Women and girls in Fiji and in the Pacific demonstrate resilience on a daily basis but COVID-19 and the recent Tropical Cyclone Harold, and the social and economic impacts of dual disasters have tested their resilience.
Australian High Commissioner to Fiji John Feakes made this comment at the opening of the Women Resilience to Disaster National Consultation at Holiday Inn this morning.
Feakes says research, as well as experience, tell us that disasters affect women, girls, boys and men differently adding these different impacts can lead to a higher risk of death or injury for women, longer recovery times or greater risk of mental or physical trauma.
Feakes further says disasters also disproportionately affect people with disabilities who often experience barriers in accessing information, protection and assistance.
He adds we know that those who can be disproportionately affected, can be agents of change, when provided with the resources and opportunity to lead adding different groups bring diverse skills, resources and knowledge to reduce risk and overcome the aftermath of a disaster.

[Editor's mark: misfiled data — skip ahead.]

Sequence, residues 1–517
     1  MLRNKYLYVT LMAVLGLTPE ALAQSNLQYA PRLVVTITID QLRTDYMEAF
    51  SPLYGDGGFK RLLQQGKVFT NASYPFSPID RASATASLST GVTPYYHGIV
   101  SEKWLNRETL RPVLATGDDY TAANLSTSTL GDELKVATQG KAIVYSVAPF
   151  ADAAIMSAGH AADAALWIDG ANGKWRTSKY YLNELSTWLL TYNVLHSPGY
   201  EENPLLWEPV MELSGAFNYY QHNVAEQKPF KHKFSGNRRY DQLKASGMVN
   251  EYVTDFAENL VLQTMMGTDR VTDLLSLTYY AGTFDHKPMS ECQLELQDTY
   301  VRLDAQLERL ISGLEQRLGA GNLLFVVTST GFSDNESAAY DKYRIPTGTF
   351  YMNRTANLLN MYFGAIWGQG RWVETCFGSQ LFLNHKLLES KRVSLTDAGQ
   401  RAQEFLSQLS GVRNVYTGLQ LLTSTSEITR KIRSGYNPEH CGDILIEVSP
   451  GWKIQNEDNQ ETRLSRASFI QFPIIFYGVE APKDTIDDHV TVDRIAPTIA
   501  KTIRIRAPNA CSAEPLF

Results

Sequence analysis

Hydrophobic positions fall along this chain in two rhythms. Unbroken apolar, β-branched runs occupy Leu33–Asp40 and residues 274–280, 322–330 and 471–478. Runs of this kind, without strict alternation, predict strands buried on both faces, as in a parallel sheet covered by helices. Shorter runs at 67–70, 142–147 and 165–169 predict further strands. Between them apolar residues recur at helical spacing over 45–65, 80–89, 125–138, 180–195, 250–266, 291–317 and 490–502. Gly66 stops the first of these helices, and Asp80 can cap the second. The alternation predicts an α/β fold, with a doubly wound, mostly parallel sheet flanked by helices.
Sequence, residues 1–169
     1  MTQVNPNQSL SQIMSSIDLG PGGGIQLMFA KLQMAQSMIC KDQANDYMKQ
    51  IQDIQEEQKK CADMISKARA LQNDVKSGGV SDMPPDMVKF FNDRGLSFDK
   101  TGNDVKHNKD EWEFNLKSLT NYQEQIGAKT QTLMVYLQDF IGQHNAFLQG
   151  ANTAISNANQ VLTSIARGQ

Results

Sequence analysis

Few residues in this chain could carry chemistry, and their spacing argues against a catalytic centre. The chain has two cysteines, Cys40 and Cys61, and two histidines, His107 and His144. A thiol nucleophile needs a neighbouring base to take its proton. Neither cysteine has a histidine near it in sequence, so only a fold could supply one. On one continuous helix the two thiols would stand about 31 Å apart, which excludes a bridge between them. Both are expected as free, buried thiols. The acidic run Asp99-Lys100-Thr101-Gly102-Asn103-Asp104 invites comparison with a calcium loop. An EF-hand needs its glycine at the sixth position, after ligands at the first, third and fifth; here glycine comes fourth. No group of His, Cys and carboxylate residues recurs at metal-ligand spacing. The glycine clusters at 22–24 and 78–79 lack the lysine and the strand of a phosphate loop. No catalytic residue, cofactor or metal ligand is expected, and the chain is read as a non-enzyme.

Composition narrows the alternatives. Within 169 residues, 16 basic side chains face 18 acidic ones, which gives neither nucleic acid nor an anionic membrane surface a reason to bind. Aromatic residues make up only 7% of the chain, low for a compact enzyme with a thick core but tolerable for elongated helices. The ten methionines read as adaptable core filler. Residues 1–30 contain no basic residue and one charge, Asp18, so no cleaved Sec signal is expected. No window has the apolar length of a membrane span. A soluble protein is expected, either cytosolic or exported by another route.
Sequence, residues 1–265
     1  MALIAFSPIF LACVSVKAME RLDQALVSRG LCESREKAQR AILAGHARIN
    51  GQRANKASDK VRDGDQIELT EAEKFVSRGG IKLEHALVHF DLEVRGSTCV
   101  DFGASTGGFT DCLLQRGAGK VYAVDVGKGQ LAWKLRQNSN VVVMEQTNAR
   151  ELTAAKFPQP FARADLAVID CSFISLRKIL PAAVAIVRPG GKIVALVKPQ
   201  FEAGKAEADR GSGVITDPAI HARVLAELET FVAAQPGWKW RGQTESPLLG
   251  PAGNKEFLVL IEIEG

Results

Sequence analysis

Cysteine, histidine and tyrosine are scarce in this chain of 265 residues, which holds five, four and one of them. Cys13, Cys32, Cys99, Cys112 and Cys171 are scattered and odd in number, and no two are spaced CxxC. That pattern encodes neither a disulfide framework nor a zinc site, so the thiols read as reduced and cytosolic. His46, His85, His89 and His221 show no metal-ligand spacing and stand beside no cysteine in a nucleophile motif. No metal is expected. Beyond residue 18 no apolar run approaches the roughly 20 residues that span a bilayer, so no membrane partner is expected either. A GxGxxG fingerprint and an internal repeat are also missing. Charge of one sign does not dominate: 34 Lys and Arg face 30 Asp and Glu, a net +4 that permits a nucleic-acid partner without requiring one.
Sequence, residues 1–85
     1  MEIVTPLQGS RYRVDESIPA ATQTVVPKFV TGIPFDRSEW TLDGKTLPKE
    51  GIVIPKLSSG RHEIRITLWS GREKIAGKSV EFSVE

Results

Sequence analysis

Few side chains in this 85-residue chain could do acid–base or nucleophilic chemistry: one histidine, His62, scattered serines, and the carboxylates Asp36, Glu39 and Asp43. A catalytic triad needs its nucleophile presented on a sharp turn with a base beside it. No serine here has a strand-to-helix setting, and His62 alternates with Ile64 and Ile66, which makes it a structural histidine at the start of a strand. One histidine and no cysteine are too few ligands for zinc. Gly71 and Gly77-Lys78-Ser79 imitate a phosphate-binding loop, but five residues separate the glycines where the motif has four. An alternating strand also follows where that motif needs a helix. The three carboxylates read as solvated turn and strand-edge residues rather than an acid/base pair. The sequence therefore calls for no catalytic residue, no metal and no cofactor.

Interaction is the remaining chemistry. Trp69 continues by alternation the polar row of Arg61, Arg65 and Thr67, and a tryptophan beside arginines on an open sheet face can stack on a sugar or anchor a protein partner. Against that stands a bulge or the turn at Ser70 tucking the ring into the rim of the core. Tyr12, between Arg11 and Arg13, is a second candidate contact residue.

He adds engaging women and girls, youth, the elderly, and people with disabilities throughout the disaster management cycle is imperative for the success of resilience-building efforts.
Permanent Secretary for Women, Children and Poverty Alleviation, Jennifer Poole says the Fijian Government recognises investing in women in a targeted manner can help increase resilience.
She adds this is the starting point of any resilience investment.
Poole further says understanding the nature of gender-based vulnerabilities is crucial to recognising the diverse impact of climate change and disasters on the population.
UN Women plans to develop a new program on Strengthening Women’s Disaster Resilience in Small Island Developing States. The aim of the program is to render women’s and girls’ lives and livelihoods disaster-resilient, contributing to stronger, more sustainable and secure communities.
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